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Surg Endosc. 2006 May;20(5):824-9. Epub 2006 Feb 27.

Robotic surgery and training: electromyographic correlates of robotic laparoscopic training.

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University of Nebraska at Omaha, 6001 Dodge Street, Omaha, NE 68182, USA.



Robotic laparoscopic surgery has been shown to decrease task completion time, reduce errors, and decrease training time, as compared with manual laparoscopic surgery. However, current literature has not addressed the physiologic effects, in particular muscle responses, to training with a robotic surgical system. The authors seek to determine the frequency response of electromyographic (EMG) signals of specific arm and hand muscles with training using the da Vinci Surgical System.


Seven right-handed medical students were trained in three tasks with the da Vinci Surgical System over 4 weeks. These subjects, along with eight control subjects, were tested before and after training. Electromyographic (EMG) signals were collected from four arm and hand muscles during the testing sessions, and the median EMG frequency and bandwidth were computed.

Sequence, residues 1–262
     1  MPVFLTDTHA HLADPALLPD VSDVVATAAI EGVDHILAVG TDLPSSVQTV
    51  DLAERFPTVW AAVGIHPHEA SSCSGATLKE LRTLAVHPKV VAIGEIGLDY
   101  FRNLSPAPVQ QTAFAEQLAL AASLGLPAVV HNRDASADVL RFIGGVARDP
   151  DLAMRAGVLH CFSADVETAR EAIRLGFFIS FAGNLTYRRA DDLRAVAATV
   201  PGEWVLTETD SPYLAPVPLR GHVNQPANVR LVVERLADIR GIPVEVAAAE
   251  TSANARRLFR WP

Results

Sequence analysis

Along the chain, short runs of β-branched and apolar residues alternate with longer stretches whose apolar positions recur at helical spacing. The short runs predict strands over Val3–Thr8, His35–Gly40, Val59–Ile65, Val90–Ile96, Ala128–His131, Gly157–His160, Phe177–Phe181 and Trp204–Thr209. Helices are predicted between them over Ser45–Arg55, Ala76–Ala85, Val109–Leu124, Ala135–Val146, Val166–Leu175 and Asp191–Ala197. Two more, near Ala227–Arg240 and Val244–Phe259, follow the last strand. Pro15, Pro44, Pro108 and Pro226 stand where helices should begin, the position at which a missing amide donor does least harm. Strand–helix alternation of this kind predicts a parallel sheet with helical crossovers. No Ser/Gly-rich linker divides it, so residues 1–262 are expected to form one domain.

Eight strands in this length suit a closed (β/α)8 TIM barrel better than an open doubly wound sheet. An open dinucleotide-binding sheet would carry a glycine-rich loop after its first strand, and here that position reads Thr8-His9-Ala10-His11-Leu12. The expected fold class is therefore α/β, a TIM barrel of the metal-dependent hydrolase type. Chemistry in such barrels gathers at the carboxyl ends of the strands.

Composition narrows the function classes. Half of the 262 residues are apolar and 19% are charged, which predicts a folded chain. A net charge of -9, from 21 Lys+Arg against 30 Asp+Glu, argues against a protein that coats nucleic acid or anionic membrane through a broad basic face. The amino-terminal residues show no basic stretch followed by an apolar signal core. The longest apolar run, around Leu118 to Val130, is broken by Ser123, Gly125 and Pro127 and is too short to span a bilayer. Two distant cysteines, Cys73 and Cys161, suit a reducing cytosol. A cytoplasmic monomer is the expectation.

The median frequency and frequency bandwidth both were increased after training for two of the three tasks.


The results suggest that training reduces muscle fatigue as a result of faster and more deliberate movements. These changes occurred predominantly in muscles that were the dominant muscles for each task, whereas the more demanding task recruited more diverse motor units. An evaluation of the physiologic demands of robotic laparoscopic surgery using electromyography can provide us with a meaningful quantitative way to examine performance and skill acquisition.

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